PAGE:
By getting alignment around real job needs and as long as your candidates have done comparable work your hiring managers will only need to see four candidates to get one person hired. And if the job represents a true career move, you’ll hire one of them on fair and equitable terms. This is how you stop doing the same search over and over again.
I was holding a confab last week (circa 2012 - but it's still valid today, whatever day it is) with a few recruiting directors from some global companies discussing the future of sourcing and recruiting. The emphasis was how to get better results from LinkedIn Recruiter. Their contention was that more could be done, but their recruiters were balking. The discussion started with a few questions. Imagine you were there at the meeting. How would you respond to these points?
Do you want to increase your emphasis on hiring passive candidates?
Are you in a talent scarcity situation where the demand for talent is greater than the supply?
Do you want to raise the talent level of your total current workforce, sustain it, or lower it?
All said they want to accelerate their passive recruiting efforts; they all thought they were in a talent scarcity situation for most critical positions; and, of course, they all said they wanted to raise their talent level. I suggested that to begin achieving these three results they needed to implement a 40/40/20 sourcing plan. This means that no more than 20% of their sourcing resources and efforts should be spent on job postings, about 40% on name generation and targeted emails, and 40% on networking. This 40/40/20 sourcing plan maps closely to the job-hunting status of LinkedIn members. This is shown in the pie chart summarizing the results of a survey we conducted with LinkedIn in 2011.
Based on more than 4,500 fully-employed members, 17% categorized themselves as active (Searchers, Networkers, and Hunters), 15% Tiptoers (only telling very close former associates), and 68% passive (Explorers were open to receiving calls from a recruiter to discuss a possible career move). To source and recruit the best of these people you can’t just post traditional job descriptions, send boring emails, or make dozens of phones call a day, and expect to attract and hire many good people. Implementing a well-designed talent scarcity approach to hiring top talent requires that each part of the 40/40/20 plan be optimized to attract the best people in each job-hunting category. This then needs to be combined with rigorous performance-based selection standards and exceptional recruiting skills, to raise a company’s overall talent bar. I contended that without this type of overt and proactive approach it was very difficult to even sustain the current talent levels, since short-term needs dominated long-term decision-making.
The Essence of a 40/40/20 Sourcing Plan
20% of your efforts need to be posting compelling, career-oriented recruitment advertising so that the best active candidates will find it easily when searching on Google or a job board aggregator. Not only does the posting need to be easily found, but it also needs to highlight the “ideal” candidate’s intrinsic motivator. This is what motivates the person to excel and what they’re not getting in their current job. Here’s an example of how we captured this for a posting we prepared for a client earlier this year for a business unit controller.
40% of your sourcing needs to be focused on preparing short, personalized career stories that are emailed to prospective prospects. These prospects are identified using “Clever Boolean” techniques plus the advanced search filters built into LinkedIn Recruiter. Using LinkedIn’s InMail or a tool like eGrabber for extracting email addresses, it’s simple to send emails in reasonable volumes within a hour after taking a search. This needs to be followed-up with timely and persistent phone messages from the recruiter. What’s left as a voice mail is as important as the email message.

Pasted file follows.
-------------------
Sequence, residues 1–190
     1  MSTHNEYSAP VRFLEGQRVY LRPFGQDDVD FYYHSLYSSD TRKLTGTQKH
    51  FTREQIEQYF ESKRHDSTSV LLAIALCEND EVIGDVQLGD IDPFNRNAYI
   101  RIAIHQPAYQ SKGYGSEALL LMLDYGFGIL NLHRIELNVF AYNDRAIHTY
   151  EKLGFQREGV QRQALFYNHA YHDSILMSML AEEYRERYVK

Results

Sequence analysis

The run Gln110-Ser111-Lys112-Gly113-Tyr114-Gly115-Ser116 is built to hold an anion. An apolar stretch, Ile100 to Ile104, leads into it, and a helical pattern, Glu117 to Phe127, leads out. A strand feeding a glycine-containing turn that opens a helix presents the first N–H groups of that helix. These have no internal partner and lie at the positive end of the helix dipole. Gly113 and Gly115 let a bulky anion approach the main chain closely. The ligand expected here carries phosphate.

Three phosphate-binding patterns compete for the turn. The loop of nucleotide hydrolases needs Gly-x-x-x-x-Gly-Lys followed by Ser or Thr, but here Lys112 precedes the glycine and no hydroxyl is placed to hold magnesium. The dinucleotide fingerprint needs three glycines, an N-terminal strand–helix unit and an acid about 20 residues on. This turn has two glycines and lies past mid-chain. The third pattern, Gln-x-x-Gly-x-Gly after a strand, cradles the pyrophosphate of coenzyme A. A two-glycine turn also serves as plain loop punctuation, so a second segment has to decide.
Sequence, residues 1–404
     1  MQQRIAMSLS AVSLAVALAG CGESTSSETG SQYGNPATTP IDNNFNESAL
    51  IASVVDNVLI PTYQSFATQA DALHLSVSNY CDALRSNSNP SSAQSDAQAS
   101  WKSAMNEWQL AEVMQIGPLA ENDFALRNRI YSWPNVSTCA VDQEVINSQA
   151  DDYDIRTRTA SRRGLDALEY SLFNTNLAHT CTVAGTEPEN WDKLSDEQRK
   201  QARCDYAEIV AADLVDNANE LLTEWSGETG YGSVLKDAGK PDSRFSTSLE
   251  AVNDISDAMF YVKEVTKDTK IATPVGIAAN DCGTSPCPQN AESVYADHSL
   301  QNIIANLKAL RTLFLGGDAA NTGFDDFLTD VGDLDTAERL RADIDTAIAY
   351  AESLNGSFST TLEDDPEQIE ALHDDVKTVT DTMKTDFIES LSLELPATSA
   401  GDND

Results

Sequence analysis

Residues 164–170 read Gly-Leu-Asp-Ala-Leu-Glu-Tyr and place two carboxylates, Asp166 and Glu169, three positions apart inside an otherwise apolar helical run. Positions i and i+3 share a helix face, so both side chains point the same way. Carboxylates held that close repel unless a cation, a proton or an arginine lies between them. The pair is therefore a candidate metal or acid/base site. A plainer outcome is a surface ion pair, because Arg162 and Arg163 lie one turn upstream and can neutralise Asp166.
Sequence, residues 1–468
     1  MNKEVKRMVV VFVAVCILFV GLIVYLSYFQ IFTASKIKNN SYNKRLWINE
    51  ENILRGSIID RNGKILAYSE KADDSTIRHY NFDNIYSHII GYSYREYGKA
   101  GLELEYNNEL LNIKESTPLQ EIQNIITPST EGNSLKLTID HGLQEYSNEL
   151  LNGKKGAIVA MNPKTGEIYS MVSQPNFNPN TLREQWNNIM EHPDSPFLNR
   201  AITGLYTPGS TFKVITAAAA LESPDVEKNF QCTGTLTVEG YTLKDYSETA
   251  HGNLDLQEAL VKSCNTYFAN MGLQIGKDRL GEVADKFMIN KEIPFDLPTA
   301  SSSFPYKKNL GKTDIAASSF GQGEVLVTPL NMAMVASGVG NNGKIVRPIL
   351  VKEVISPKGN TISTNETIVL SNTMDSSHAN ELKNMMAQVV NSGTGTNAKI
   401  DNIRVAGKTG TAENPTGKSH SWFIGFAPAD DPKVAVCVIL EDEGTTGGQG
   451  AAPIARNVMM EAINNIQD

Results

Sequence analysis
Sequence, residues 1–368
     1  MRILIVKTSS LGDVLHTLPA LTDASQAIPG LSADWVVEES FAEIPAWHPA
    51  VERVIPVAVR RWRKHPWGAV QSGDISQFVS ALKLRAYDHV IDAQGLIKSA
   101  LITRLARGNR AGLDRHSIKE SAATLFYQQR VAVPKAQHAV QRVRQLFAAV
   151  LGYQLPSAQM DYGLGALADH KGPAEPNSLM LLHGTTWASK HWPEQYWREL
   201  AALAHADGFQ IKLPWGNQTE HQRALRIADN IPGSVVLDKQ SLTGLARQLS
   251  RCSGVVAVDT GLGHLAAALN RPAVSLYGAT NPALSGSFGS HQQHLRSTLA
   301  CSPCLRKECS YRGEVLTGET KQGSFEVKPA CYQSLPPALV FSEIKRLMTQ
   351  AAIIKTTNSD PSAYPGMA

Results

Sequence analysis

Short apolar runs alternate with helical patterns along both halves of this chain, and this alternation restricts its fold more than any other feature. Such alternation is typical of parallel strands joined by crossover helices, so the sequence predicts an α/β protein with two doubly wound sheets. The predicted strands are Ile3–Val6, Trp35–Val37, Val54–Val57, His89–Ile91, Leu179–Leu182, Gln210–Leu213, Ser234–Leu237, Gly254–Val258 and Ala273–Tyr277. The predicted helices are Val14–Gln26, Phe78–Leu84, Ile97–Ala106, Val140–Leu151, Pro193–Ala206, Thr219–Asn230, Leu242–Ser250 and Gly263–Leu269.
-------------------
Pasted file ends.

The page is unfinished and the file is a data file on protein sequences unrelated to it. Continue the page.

40% of a company’s sourcing efforts needs to networking-based with the objective of spending more time getting pre-qualified warm referrals, rather than making endless cold calls. Most of the initial names will be generated by using LinkedIn Recruiter to search on your co-workers’ connections, and before calling, getting the co-worker to vouch for the person. This is much more proactive than waiting for a co-worker to recommend someone. But this is just the first step. Once on the phone, there’s a heck of lot of recruiting that needs to be done. Much of this involves getting the person to consider the career opportunities involved in the open position, rather than attempting to browbeat the person into hearing about your “great” job, which is no different than every other “great” job the person has heard about.
We ended the meeting by creating the agenda for next month’s call. The ideas focused on what came next once a company implemented a 20/40/40 sourcing plan. I suggested that there were some prerequisites that should come first, specifically:
How to obtain the full support and engagement of the hiring manager. If hiring managers aren’t willing to invest extra time upfront and spend more time recruiting candidates, it was unlikely any sourcing plan would help in attracting and hiring stronger people.
Convert jobs into careers. Top people, whether active, passive, military vets, or diverse candidates, aren’t the least bit interested in taking lateral transfers unless the upside is clear and obvious. Recruiters need to convincingly make this case on each and every call, from first contact to the final close.
Implementing a 40/40/20 sourcing plan is a necessary step for any company facing a talent scarcity situation, but it’s not sufficient. To pull it off, you also need great jobs, fully-engaged hiring managers, and outstanding recruiters. However, this is just the beginning. It’s how you execute that will separate the winners from the runners-up.